“Taxing” is not the right word. RIAA and MPAA aren’t forced to use Microsoft’s DRM. If it was the only choice and it was forced upon by a huge power, then maybe you can call it tax.
But the “tax” (royalties) itself is for patents related to the formats (wmv and wma) rather than DRM. MPEG also charges “taxes”, at a much higher price mind you.
Ores: How MS goto the top is irrelevent to the argument
Actually it is very revelant. They worked hard for it. And nobody worked as hard to get it from them.
Brock: If there is a future of computing without a Msoft it will be 10 to 20 years from now.
When I was born, there was Microsoft. When I die, there would be Microsoft. They may loose their power and monopoly, but they would exist far longer than 10-20 years with the money they have.
I remember Bill Gates saying this three or four years ago on Charlie Rose.
I remember Bill Gates saying that 64kb of RAM would be enough for the rest of history.
Dave Bloomberg: selling products at a loss
Microsoft never sold Office at a lost purposely. Office 1.0 was a economic failure, but mainly because of Apple’s monopoly over that market on the Macintosh market (Office in the early days was made for Macs).
But as soon as Microsoft shifted focus to WP and Lotus and Harvard, they were rather profitable.
Scott: My understanding is that it was a license agreement. MS simply said to Dell etc “If you want the lowest price on Windows licenses, then you must ship one with every PC”.
Actually, the court only proove that it was “If you want the lowest price on Windows licenses, then you must ship Windows stand-alone and not with any other OS”.
Fergatronic: I believe this is already the case at Princeton University, where every computer, whether a Mac, Sun workstation or Linux box, is factored in to the annual MS toll.
Actually, Princeton University got site licensing. Their plan covers more PCs than they own.
Those who deploy large numbers of Windows normally get site licensing.
It’s not a question of whether MS is bad. Monopolies are bad. MS has a monopoly on Office documents that is bad for consumers. End of story.
It’s not a question of whether Apple is bad. Appleforevers are bad. Appleforever is a zealot on OSNews forums, and that’s bad for his sanity. End of story.
Does that make it true?
appleforever: Also, the stifled innovation – the cost of that is simply unknowable but could be trillions of lost productivity.
Microsoft “stiffled” a lot of innovation even before they were a monopoly. Not because they were all mean. Innovation means nothing to consumers. Solutions means everything. BeOS is innovative, unforunately, only a few can actually be productive with it. Marketing, my friend, that’s the key word.
rajan r: “I think Office is worth every penny. My father thinks Office is worth every penny. Most people depending on Office thinks it is worth every penny.”
400+ Euro? You must be kiddin’!
I don’t know any home-user here in Belgium that paid one cent for his office-suite, not a penny! 50 – 100 Euro is a price that most people would pay and with competition and open formats that would be the marketprice and not a penny more.
>>>>50 – 100 Euro is a price that most people would pay and with competition and open formats that would be the marketprice and not a penny more.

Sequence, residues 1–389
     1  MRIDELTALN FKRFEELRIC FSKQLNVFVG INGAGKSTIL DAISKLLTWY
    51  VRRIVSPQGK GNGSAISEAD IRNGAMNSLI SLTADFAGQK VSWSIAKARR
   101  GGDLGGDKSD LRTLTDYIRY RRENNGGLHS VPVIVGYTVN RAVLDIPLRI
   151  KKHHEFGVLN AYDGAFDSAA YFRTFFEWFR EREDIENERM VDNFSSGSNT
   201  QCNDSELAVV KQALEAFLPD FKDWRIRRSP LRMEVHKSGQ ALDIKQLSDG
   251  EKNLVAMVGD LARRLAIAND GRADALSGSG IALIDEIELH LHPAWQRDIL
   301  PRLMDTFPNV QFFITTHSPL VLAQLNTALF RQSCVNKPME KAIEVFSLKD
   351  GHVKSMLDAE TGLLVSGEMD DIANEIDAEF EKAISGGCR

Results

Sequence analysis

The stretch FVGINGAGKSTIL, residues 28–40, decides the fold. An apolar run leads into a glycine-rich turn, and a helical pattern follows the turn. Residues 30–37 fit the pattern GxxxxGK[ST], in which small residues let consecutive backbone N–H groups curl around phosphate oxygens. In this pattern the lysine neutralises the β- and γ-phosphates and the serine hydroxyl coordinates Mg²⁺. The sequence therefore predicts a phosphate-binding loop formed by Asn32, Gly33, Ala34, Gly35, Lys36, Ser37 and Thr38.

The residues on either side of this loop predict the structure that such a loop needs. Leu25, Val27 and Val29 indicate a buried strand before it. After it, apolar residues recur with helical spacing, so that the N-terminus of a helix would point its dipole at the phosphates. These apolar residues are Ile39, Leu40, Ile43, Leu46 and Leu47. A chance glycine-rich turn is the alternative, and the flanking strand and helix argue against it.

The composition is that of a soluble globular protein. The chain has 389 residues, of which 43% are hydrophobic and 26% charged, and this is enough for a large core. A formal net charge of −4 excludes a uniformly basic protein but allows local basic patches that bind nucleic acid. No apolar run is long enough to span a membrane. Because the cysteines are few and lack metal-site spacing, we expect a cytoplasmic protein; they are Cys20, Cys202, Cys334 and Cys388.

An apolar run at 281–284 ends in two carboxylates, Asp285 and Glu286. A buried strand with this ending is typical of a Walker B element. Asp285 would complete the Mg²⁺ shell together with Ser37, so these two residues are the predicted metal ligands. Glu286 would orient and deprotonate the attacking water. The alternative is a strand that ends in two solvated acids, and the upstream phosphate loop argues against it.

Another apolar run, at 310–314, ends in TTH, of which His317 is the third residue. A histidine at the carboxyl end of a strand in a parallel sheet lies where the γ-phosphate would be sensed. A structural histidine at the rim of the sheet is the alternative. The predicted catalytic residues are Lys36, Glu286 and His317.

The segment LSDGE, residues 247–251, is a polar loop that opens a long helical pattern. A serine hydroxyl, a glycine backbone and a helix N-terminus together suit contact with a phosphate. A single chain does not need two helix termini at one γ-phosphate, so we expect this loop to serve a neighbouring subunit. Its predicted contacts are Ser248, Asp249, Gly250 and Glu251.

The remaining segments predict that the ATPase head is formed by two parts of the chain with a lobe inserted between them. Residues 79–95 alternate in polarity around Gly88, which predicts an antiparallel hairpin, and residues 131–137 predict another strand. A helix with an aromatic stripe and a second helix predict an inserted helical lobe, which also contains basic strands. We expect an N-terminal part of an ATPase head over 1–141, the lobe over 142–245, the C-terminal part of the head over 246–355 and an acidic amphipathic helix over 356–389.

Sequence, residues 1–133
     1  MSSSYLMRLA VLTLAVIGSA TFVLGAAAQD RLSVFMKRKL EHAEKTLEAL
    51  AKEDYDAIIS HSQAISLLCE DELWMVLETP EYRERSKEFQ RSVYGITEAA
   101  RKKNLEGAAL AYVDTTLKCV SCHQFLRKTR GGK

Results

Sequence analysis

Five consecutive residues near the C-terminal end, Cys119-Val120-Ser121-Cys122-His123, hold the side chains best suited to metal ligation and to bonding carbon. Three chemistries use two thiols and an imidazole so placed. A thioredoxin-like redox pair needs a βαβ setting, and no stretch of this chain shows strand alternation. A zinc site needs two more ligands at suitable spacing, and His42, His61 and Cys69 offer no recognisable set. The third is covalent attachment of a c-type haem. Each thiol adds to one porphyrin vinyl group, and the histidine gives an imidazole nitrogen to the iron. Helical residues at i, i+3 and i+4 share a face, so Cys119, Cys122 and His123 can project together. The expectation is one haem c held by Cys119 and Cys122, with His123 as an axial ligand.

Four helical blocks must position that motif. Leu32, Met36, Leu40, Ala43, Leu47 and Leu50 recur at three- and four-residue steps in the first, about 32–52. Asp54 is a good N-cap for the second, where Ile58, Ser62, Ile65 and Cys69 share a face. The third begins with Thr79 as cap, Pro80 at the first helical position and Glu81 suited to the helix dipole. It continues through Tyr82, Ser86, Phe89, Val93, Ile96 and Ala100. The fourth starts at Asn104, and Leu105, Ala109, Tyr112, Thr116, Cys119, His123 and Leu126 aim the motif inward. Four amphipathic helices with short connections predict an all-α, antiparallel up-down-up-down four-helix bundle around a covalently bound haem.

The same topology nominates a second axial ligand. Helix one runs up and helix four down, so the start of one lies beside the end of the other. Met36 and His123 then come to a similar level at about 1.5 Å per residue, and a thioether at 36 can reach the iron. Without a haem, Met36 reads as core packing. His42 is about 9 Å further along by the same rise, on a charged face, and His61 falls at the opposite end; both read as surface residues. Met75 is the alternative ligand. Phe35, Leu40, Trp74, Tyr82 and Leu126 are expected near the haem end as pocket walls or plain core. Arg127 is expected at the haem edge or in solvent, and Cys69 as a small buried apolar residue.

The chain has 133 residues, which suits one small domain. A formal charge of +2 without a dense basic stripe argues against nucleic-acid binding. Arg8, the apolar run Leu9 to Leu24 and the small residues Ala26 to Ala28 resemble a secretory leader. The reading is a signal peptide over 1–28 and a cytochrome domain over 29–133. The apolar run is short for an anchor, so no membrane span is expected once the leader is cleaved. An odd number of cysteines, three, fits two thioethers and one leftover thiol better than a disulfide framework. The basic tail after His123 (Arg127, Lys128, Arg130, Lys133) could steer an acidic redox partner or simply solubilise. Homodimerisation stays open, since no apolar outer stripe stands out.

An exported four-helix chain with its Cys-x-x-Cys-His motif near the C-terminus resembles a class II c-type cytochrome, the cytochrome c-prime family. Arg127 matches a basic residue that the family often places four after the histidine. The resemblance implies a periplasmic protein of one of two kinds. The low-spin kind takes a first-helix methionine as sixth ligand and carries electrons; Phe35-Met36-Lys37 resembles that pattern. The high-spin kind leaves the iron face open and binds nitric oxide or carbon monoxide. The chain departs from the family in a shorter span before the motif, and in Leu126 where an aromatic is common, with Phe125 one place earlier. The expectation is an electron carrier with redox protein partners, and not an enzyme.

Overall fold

99% of the people get OEM copies where it’s only costing consumers 50 – 100 Euro. Just look at the California settlement for overpricing.
“How MS goto [sic] the top is irrelevent to the argument…”
Thinking like this is why we don’t learn from our past mistakes. Was Microsoft a monopoly? Yes. Is it still a monopoly? Yes. Is it trying to extend its monopoly power into other areas? Yes. Ignoring the lessons of the past is the surest path to repetition of sins.
>>>>Thinking like this is why we don’t learn from our past mistakes. Was Microsoft a monopoly? Yes. Is it still a monopoly? Yes. Is it trying to extend its monopoly power into other areas? Yes. Ignoring the lessons of the past is the surest path to repetition of sins.
It’s this obsession that is hurting the bottom lines of SUN and Oracle — thus actually helping Microsoft to expand in the long run. SUN and Oracle forgot to look at where the basketball is, and IBM is stealing their market share.
IBM is pragmatic about it, they will support .net and java, they will support windows and linux, they will support…. And perhaps some day in the future, they will be strong enough for another epic fight with Microsoft. But meanwhile, let’s steal market shares from SUN and Oracle.
This article was very unenlightening. I am no more informed about the future of computing than before I looked at it.
Everyone knows about the microsoft vs. the rest of the world. contest.
I think people are missing the main point of what the author was saying. If someone wants to use MS Office, that’s great. The problem is if I am required to use it as well in order to communicate with other businesses or the government. As long as the files are able to be read by a comparable program, then everyone wins. You can use what you like and I can use what is best for me. People should be able to use the OS and office suite that meets their needs. That way the the software manufacturers compete on features and price and the consumer is able to select a product that does just what they need.
I thought it was interesting which is one heck of a lot more than hat I thought of your comment.
Serge: You are a dimwit. Learn your history before you spout of with nonsense. Same to Ores.